Fooling Garwulf
"Teller Deflowers a Shadow," and the Holy Grail of Magic

Robert B. Marks | 22 Sep 2015 15:00
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Last night we moved into the last three weeks of this season of Penn & Teller: Fool Us, and what an episode it was. All of the acts were strong, and Penn and Teller performed a very famous trick for the first time on television. Unfortunately, it was once again pre-empted on some of the East Coast CW channels, this time by a football game, so here is the link for those who missed it.

And, without further ado, onto the performers:

Scott Alexander & Puck: There was a lot to like in this performance. Alexander and Puck have a great chemistry together, and they performed a lovely routine with a climax evocative of Houdini's walking through a brick wall. In this case, the routine was structured around escaping from Alcatraz by passing through solid metal bars, starting with a bowling ball produced out of nesting suitcases and ending with a handcuffed Puck. In other hands, it is a routine that might have gone the route of dark and dangerous, but Alexander and Puck kept it light and funny, and it was all the stronger for it. It didn't fool Penn and Teller, but it was a great routine all the same.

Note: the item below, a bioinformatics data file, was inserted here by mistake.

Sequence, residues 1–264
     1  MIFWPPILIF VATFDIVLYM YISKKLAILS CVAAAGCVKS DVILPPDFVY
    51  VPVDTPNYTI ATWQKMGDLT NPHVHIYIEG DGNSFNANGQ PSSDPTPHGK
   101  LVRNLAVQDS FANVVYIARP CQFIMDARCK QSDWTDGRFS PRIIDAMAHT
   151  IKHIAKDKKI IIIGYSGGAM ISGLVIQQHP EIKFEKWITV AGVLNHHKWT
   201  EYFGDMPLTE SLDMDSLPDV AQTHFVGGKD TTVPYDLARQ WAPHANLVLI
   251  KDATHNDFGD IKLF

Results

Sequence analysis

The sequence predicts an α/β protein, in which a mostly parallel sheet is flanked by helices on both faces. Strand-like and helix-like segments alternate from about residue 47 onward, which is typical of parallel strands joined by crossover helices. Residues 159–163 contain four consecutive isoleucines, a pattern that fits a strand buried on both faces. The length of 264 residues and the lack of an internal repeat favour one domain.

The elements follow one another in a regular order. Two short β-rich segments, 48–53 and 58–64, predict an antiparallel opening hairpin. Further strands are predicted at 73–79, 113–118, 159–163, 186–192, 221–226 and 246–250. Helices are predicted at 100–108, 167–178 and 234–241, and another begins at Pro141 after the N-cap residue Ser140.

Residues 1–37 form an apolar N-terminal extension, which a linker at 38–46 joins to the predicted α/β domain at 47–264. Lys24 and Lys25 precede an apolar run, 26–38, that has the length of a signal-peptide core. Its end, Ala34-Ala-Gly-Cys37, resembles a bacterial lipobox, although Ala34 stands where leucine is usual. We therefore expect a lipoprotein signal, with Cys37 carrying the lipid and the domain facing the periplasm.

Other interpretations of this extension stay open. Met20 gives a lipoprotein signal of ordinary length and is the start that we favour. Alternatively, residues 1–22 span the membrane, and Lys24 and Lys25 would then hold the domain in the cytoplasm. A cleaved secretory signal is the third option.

Eric Jones: It's not often that I use the word "masterful" to describe a performer, but I've got to do it here. This was a confident performance of astounding and baffling coin magic, and it was indeed masterful. By making the magic with the appearing and disappearing coins happen in the hands of his volunteers, Jones made the routine even more magical and astonishing... and elevated it to the best performance of the night. He even fooled Penn and Teller while he was at it.

Mark Calabrese: The best magicians are the ones whose performance makes knowing the method irrelevant to the enjoyment of the trick, but there are exceptions. I have a pretty good idea of what Calabrese was doing, and this is one case where knowing the method made me like it even more because of its cleverness. It was a great use of marking cards on the fly, and the escalation of finding the selected card among multiple decks, while tossing the rejects into a wood chipper, was gleefully fun. It didn't fool Penn and Teller, but speaking personally, I have a feeling that if it had been truly baffling, I wouldn't have enjoyed it as much.

Paul Vigil: There's something to be said about how much stage presence matters, and Vigil is an almost perfect example. From the moment he came onto the stage, he projected the mysterious and powerful presence of a man who can read and manipulate your thoughts... perfect for a mentalism act. The routine itself was a good example of how less can be more - it was a simple and direct prediction routine, and it needed nothing else to be a great trick. Penn and Teller weren't fooled, but it was a routine where that just didn't matter.

Penn and Teller: "Shadows" was a trick I had heard about a while ago and wanted to see for a very long time. It is haunting, a stark and beautiful act of violence. Teller is malicious, destroying a rose because he can, and then displaying the blood on his hands from the act. It's a meditation on evil and cruelty, all the more powerful for its silence. Given time, it could become remembered as one of the legendary tricks in magic, and that brings us to today's commentary.

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